A ‘new baby’
Despite Poland’s strong desire to develop shale gas and to reduce its dependence on gas imports from Russia by offering a number of mining exploration rights to foreign companies, it has not achieved much success. Global oil major ExxonMobil had earlier this year said it was ending its search for shale gas in Poland after two wells failed to yield gas flows substantial enough to make commercial development viable.
Andrzej Pieczonka, first counselor at the Polish Consulate in Shanghai, says shale gas is just like a new baby. “Everybody is happy to have a new baby, but how to raise it is often a major problem,” he says.
It took the US many years to develop and apply the current technology though the companies were well aware of the shale gas reserves when they were drilling and exploring for conventional oil and gas reserves.
China drilled its first test well for shale gas in 2010, and had 63 test wells in operation by the end of April. In contrast, the US has more than 80,000 shale gas wells in commercial operation.
Li Yuxi, a senior researcher at the Ministry of Land and Resources, says that though the early results from most of the test wells are optimistic, the outcome is still not rosy enough to ensure profitable commercial production.
Whether an investment is profitable or not depends largely on the cost and returns from the project. According to Li, the cost of drilling shale gas in China ranges from 20 million yuan to 100 million yuan, depending on the geological location. The average cost in the US is $3 million. “We are still in the early stages of shale gas development in China. We need to learn more about it, no matter what the cost is,” Li says.
However, for investors interested in shale gas, cost does matter. With such high cost and an unpredictable gas price in the future, the risk of investing in shale gas is high, says Li Jun, board secretary of Zhongtian Urban Development Group.
Li often travels across China to attend conferences, seminars and summits to gain information about shale gas.
The real estate company from Guizhou province with assets of more than 15 billion yuan is contemplating an entry into the shale gas sector.
“We can handle the risks. But I am not sure whether many of the smaller private companies have the requisite funds to drill shale gas wells,” Li says. “It is not like you drill just one well and start making money. In this business you need to drill a lot in order to find the one well that can yield abundant gas.”
Li adds that small and medium-sized companies have fueled the shale gas revolution in the US. But with more investment in the development of the sector, the cost is expected to drop.
Ye Dengsheng, general manager of a downhole service company at Chuanqing Drilling Engineering, affiliated to China National Petroleum Corporation which has drilled 18 shale gas wells in China, says the extracting cost will decline with the development of better management techniques.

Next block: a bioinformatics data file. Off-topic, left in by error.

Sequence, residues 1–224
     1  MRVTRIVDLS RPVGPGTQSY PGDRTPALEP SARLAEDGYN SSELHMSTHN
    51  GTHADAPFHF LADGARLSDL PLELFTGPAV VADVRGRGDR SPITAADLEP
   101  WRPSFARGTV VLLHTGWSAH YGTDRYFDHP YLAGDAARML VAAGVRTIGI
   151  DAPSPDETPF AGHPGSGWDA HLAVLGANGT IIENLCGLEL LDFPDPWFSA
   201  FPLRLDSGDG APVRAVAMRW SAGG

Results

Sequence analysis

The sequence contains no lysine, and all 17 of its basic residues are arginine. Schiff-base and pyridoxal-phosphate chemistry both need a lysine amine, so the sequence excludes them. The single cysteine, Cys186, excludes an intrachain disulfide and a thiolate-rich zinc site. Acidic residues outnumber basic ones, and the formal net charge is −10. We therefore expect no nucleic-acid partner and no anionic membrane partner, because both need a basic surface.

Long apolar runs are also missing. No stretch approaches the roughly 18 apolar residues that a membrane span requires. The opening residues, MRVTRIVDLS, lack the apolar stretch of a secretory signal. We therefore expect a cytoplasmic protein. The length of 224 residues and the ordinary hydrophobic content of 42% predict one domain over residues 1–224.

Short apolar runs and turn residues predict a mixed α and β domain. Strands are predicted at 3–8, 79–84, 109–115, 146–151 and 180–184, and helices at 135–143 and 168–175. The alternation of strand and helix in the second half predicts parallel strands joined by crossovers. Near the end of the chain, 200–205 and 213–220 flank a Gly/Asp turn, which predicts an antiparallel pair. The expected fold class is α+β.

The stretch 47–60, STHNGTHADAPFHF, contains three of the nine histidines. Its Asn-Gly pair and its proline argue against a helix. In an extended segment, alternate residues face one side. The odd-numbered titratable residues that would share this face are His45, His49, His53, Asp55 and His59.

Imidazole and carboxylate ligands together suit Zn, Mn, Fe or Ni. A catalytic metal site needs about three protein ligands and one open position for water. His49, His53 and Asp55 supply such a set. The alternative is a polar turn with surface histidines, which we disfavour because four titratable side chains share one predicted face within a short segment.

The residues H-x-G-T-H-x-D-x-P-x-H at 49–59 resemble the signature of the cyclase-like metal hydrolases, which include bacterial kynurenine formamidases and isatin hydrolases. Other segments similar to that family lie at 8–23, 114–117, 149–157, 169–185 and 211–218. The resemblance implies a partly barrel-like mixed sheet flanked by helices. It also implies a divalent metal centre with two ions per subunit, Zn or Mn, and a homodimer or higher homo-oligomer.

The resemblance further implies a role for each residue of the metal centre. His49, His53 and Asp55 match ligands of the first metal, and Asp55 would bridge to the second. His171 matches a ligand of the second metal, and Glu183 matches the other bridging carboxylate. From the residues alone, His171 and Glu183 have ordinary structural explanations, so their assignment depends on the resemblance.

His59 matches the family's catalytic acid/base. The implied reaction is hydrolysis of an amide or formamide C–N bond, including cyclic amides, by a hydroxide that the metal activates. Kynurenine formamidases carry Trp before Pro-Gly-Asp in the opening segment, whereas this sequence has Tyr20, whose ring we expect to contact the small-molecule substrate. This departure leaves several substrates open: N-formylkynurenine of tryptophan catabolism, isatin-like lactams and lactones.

His Chengdu-based company spends about 60-70 million yuan on one well. “We plan to further hone our skills and improve efficiency. This will help reduce overall costs for each well to around 40-50 million yuan,” he says.
According to Ye, drilling shale gas is much more difficult than conventional natural gas. “It requires more machinery, equipment and workforce. I think we’ve already mastered the required cutting-edge hardware for shale gas development. However, from a software perspective, there are still lots of things that need to be done,” he says.
It will take a long time for China to “re-discover” and “re-invent” these approaches. However, it is still unclear whether China will develop a framework that will allow US companies sufficient profit incentives to transfer the technology to Chinese companies.
Most of the world’s biggest oil companies, including Exxon Mobil, Chevron, BP and Norway’s biggest energy conglomerate Statoil, are participating in China’s shale gas development. Royal Dutch Shell is the first and only company that has signed a production-sharing contract with China National Petroleum Corp, the nation’s biggest oil company.
However, they have limited their involvement to the minimum by setting up joint studies and joint assessment on shale gas wells with their Chinese counterparts.
One of the reasons why foreign companies are not too enthused by the shale gas prospects in China is that they are not allowed to participate in bidding for shale gas blocks directly.
“The biggest attraction for them is a large stake. If they are given only 10 percent or 20 percent of the blocks, that is not good enough for them to make money,” says Adi Karev, global head of the oil and gas practice at consultancy firm Deloitte.
Karev adds that oil companies are not short of money. In fact, seven out of the top 10 global Fortune 500 companies are in the oil and gas industry.
There are other regulatory hurdles, says Karev, though there are lots of potential gas reserves in China.
Chen Weidong from CNOOC says the US shale gas sector saw overseas investments of more than $23 billion between 2009 and 2011. Of this, at least $4 billion came from China’s State-owned enterprises.
Industry experts say the global outreach moves of these enterprises are not only for gaining insights into shale gas development but also for profit.
CNOOC has recently agreed to pay $15.1 billion to acquire Nexen, the Calgary-based oil and gas producer, whose assets include shale gas. It is the biggest overseas acquisition by a Chinese company.
PetroChina signed an agreement in February to purchase a 20 percent stake in Shell’s Groundbirch gas assets in Canada.
Sinopec has decided to invest $2.2 billion for a third of the US oil and natural gas producer Devon Energy’s interests in five developing fields.
Sinopec is also reported to be in talks with US gas producer Chesapeake Energy for its multibillion-dollar shale gas assets.
“Between 2009 and 2011, China’s investment in the shale gas sector was less than $1 billion,” Chen says.
“If we want to achieve the production target of 6.5 billion cu m a year by 2015, we need to invest at least $20 billion,” Chen says, adding that shale gas development in China needs more than just rhetoric.
With the second auction of shale gas blocks coming up in China, there is bound to be a frenzy of activity among global companies to grab a share of the pie. Some 70 companies have evinced interest in the bidding process, according to Ministry of Land and Resources sources.
Foreign companies, however, are not allowed to participate in the bidding directly. They can team up with Chinese companies that win the bid, provided their stake is no more than 49 percent in the joint venture.
Despite all the risks, Karev from Deloitte still considers the Chinese shale gas industry to be an “attractive proposition”.
“The reserves are here, so is the market. It is a perfect combination,” he says. “There is a lot of money to be made in China. Despite the risks, companies want to be involved in a large playground like China. So they will want to get in, but with baby steps.”